5.9-Magnitude Earthquake Rattles Parts of Alaska

There were no immediate reports of damage or injuries after the earthquake, whose epicenter was about 135 miles southwest of Anchorage, the U.S. Geological Survey said.

There were no immediate reports of damage or injuries after the earthquake, whose epicenter was about 135 miles southwest of Anchorage, the U.S. Geological Survey said.

A 5.9-magnitude earthquake struck southwestern Alaska on Tuesday afternoon, causing moderate shaking that was felt in Anchorage, the U.S. Geological Survey said.

There were no immediate reports of damage or injuries near the epicenter in Port Alsworth, a remote community with fewer than 200 residents some 135 miles southwest of Anchorage, said Michelle Torres, a spokeswoman for the Alaska Division of Homeland Security and Emergency Management.

Still, residents in the area of the earthquake and in Anchorage felt some strong shaking, said Jana Pursley, a geophysicist at U.S.G.S.

Jonathan Tytell, a geophysicist at U.S.G.S, said there would most likely not be a tsunami warning. The earthquake, which occurred about 2 p.m., was 94 miles below the Earth’s surface, a depth too deep to generate a powerful tsunami, he said.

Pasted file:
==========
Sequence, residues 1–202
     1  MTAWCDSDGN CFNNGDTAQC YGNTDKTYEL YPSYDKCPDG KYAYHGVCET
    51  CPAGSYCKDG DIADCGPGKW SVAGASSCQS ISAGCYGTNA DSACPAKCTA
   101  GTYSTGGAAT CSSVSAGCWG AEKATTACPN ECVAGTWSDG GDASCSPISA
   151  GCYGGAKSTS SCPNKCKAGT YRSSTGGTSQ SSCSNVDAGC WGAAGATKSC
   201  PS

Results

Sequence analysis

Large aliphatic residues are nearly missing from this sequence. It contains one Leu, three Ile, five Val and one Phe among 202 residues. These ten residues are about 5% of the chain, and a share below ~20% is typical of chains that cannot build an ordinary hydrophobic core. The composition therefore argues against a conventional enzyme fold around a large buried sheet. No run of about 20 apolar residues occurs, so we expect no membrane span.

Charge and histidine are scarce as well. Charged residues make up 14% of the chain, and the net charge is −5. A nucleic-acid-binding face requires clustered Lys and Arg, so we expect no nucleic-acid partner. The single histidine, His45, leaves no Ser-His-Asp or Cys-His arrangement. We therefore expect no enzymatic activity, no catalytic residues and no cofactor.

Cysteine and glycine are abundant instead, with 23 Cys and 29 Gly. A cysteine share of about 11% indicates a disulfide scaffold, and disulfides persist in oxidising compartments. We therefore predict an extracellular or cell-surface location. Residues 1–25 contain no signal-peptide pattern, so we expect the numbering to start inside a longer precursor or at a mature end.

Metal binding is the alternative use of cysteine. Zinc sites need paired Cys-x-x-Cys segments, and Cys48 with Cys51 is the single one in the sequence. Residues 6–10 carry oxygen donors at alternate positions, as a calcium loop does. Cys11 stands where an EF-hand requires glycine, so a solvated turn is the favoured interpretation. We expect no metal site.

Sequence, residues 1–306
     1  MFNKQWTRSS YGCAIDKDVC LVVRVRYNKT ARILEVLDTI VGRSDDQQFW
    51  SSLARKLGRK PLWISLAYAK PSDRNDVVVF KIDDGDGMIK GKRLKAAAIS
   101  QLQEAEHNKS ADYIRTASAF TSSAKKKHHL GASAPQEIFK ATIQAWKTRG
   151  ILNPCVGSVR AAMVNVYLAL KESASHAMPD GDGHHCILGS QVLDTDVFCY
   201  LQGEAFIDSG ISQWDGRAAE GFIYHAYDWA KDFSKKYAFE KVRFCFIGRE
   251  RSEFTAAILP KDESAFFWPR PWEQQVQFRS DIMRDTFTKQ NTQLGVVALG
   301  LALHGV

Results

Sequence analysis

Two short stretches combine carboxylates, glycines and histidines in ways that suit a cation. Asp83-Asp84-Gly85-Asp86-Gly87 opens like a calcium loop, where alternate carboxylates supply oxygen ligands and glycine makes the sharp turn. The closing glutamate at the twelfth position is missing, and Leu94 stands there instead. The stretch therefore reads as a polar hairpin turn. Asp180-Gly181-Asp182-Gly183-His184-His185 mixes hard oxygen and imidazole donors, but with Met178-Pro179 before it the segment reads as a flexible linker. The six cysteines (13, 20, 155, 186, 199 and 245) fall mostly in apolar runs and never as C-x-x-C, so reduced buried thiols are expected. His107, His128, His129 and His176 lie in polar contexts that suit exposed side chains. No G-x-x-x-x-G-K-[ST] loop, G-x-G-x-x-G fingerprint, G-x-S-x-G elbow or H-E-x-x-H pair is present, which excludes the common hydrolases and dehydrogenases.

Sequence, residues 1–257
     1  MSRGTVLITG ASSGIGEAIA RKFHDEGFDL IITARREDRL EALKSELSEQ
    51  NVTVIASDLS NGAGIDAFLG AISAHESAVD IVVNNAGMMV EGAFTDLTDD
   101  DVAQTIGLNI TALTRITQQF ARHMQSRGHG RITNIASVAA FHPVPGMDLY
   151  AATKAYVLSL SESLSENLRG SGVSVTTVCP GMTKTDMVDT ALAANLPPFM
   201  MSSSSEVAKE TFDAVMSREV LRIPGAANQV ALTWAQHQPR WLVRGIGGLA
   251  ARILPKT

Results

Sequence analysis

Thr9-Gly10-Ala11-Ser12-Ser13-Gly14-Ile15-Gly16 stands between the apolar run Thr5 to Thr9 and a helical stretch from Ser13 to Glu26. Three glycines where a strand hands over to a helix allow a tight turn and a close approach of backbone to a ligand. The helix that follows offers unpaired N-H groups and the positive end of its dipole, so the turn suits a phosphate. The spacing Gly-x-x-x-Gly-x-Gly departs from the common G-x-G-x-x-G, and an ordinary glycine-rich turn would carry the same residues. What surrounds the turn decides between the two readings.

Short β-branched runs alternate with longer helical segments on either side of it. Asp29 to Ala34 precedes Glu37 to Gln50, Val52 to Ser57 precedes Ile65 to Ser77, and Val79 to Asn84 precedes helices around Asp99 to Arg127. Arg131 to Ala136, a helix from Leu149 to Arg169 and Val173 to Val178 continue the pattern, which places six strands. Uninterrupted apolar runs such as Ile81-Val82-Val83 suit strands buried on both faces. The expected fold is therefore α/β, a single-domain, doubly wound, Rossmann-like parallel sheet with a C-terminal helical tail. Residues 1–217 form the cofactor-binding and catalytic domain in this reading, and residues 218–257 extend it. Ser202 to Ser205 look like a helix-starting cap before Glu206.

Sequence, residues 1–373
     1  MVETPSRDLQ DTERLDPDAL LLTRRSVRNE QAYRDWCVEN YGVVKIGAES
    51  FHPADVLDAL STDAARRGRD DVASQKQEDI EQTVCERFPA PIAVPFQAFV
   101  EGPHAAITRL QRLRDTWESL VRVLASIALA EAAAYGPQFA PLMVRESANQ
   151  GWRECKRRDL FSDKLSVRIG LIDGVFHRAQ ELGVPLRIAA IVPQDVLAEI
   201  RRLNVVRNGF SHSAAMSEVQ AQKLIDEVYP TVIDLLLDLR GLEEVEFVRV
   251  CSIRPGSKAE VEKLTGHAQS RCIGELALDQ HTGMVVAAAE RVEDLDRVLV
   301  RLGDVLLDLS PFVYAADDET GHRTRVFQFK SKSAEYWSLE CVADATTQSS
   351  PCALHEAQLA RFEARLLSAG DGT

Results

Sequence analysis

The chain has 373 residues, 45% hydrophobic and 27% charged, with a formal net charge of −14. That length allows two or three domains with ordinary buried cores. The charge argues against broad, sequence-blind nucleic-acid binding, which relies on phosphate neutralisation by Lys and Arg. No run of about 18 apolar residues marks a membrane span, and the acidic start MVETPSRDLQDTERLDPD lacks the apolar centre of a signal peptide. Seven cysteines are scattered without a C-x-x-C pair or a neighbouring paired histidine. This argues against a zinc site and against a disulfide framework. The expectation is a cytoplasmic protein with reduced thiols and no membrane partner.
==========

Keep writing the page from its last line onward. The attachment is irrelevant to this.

There were no reports of aftershocks as of Tuesday afternoon, Mr. Tytell said, adding that the chances of strong aftershocks later in the evening were “small, but not impossible.”

“The chances of it are rare enough that I wouldn’t worry,” he said.

At least 134 people in the state reported to the U.S.G.S. that they felt shaking.

But Alaskans are used to that because there are “earthquakes going off all the time there,” Mr. Tytell said.

The Alaska Earthquake Center reported more than 49,000 seismic events in the state and nearby regions in 2020. The center also said that Alaska had recorded last year’s most powerful and third-most powerful earthquakes worldwide.

In July 2021, a 8.2-magnitude earthquake struck off the southern coast of the state and prompted a tsunami warning. It was the largest earthquake in the United States in 50 years, seismologists said, but the state was spared any major damage.

Last December, a 6.4-magnitude earthquake struck off the coast of a remote area of southern Alaska, but it did not spark any tsunami warnings that could threaten the region’s sparsely populated string of islands.

In 1964, Alaska wasn’t as fortunate. The second-most powerful earthquake in world history, a magnitude 9.2, violently shook the state, killing more than 130 people and causing massive tsunamis.

That earthquake occurred about 15 miles below the Earth’s surface and its epicenter was about 90 miles east of Anchorage, Mr. Tytell said, distances that made it much more powerful than Tuesday’s earthquake.

“Within the next week,” he said, “the chance of a magnitude 6 or higher is about 5 percent.”

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